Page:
This week's issue

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A quick tour of what's new:

* Shorter Ben Joravsky: Why is Chicago crazy? Because Da Mare's crazy, or at least proposes crazy things, and no one wants to upset him: "I know from conversations with many of these civic leaders that they didn't even want Chicago to end up with the games. And yet they went along, presumably in fear of upsetting Richie Daley."

* Michael Miner, with my favorite passage this week: "'Royko made that whole losing thing kind of hip,' observed McClellan.... The yuppies turned going to Cubs games into a lifestyle choice and elevated a dismal history of endless defeat into romantic karma. Wrigley Field would never be empty again. This is what can happen when a columnist fails to make it clear enough to a cohort of readers that he despises them. It's a case study that ought to be in textbooks."

* Former Reader staff writer John Conroy, who covered the Chicago police torture scandal for almost two decades, has a new play. I thought this was a bit depressing: "Unspeakable Acts is still out there, in hardcover and paperback, but the Belfast book sells better." Nothing against Belfast Diary, but Unspeakable Acts, Ordinary People, given the ongoing importance of torture in America, is a must-read.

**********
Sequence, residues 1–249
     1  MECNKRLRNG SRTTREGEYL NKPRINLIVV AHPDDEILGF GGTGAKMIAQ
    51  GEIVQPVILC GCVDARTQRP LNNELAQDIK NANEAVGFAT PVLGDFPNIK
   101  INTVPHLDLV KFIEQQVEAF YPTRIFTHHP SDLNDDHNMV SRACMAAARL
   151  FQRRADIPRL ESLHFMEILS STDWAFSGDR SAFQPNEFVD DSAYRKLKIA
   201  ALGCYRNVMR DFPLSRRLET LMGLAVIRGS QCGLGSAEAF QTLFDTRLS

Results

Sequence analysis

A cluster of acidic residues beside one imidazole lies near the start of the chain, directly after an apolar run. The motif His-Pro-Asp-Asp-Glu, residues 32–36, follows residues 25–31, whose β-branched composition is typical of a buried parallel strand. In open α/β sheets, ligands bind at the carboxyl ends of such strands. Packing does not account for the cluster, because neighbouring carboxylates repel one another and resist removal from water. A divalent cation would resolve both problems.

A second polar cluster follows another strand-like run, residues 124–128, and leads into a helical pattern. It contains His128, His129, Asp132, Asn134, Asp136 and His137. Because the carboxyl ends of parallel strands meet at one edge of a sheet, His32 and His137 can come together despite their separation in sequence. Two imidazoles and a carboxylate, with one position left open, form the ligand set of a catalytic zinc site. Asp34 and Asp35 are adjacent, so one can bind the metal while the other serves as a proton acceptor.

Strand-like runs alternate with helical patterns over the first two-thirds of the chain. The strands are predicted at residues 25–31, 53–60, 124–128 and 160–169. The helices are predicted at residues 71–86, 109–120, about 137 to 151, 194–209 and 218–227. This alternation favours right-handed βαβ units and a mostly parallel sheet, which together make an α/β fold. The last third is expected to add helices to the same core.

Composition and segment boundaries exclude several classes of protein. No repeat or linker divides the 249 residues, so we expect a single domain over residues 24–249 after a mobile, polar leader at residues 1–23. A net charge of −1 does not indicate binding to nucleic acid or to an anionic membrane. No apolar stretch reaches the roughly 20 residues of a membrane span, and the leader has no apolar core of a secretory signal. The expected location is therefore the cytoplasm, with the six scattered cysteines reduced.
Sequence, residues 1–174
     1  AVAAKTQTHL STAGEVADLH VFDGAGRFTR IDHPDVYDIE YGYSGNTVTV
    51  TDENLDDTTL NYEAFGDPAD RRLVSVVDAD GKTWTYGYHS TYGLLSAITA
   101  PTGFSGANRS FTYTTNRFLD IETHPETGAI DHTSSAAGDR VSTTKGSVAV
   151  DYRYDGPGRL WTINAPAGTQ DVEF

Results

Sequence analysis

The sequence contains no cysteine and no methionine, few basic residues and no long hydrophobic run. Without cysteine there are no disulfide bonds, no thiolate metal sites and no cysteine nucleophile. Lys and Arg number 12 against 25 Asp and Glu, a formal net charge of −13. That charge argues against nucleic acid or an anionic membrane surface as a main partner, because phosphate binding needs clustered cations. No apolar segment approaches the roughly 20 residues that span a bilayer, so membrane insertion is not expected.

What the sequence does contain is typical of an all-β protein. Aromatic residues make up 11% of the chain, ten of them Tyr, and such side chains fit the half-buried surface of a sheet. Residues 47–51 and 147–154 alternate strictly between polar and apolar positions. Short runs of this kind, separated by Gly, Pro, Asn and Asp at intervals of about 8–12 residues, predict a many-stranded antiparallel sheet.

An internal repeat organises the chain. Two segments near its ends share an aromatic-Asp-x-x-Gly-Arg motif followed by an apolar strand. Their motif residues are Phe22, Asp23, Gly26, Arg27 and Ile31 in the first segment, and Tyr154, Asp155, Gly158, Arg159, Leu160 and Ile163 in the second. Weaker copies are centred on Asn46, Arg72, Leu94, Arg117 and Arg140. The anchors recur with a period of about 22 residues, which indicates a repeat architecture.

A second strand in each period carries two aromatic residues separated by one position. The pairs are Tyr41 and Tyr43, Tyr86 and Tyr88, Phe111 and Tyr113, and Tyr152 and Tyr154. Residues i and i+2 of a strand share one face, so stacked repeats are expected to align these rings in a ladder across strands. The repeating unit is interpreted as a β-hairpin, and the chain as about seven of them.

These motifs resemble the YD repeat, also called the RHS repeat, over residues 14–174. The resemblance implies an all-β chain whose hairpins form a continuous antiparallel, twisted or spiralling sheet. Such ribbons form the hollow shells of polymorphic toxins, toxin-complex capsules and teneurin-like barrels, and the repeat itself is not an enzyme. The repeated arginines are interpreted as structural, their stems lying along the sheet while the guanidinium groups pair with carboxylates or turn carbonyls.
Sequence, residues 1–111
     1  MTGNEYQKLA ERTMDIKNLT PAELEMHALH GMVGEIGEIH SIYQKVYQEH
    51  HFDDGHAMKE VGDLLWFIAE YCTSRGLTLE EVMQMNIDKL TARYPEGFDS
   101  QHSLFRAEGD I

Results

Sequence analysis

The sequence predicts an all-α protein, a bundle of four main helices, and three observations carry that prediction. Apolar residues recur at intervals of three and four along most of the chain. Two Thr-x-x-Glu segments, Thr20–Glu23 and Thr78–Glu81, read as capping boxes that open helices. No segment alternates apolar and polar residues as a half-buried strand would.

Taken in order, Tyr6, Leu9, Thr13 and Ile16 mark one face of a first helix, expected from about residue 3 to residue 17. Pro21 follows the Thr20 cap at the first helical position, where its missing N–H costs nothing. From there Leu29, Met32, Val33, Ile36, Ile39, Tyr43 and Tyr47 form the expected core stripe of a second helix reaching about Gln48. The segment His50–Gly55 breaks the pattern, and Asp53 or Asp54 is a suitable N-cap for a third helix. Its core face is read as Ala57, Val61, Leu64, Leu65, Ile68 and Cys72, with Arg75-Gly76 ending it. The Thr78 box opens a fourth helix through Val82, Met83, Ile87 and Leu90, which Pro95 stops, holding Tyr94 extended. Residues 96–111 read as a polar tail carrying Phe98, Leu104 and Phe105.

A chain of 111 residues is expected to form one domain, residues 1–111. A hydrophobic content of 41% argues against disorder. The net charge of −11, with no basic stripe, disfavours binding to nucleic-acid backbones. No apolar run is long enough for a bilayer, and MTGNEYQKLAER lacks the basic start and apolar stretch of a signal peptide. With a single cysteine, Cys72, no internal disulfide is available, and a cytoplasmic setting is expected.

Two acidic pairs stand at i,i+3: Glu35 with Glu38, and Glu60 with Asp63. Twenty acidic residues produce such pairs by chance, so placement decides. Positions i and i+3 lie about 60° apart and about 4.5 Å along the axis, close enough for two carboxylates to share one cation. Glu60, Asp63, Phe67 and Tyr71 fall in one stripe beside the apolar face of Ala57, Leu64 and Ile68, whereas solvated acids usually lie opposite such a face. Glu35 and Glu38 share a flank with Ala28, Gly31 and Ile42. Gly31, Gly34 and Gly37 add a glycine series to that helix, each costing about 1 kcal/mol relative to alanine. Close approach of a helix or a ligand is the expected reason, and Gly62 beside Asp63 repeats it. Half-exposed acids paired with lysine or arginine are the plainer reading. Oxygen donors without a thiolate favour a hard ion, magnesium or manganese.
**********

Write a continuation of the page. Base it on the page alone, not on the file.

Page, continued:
* Lots of good stuff in movies this week: our critical guide to the first week of the Chicago International Film Festival (I'm looking forward to seeing Cropsey); Ed Koziarski looks at the making of one of the films screening, Chicago Overcoat, an indie drama by recent Columbia College grads; and if you need a break from the CIFF there's the Music Box Massacre.

* Mike Sula looks at locally sourced cookbooks; I'm most excited by Rogue Cocktails, featuring contributions from current and former Violet Hour employees, including lead mixologist Toby Maloney and Bar De Ville's Brad Bolt. Plus: a multicultural roundup of places to get curry dishes.

* Miles Raymer writes on political party-rap locals Bin Laden Blowin' Up; great picture by regular contributor Saverio Trugila. Plus: the most ambitious Riot Fest yet.

* Theater/Performance: we've got in-depth reviews of Richard III and an early David Harrower play, but the most highly recommended show is Winifred Haun & Dancers distilling Steinbeck's East of Eden.

* Mick Dumke has a must-read on city service cuts; the total workforce is the smallest it's been in 18 years.

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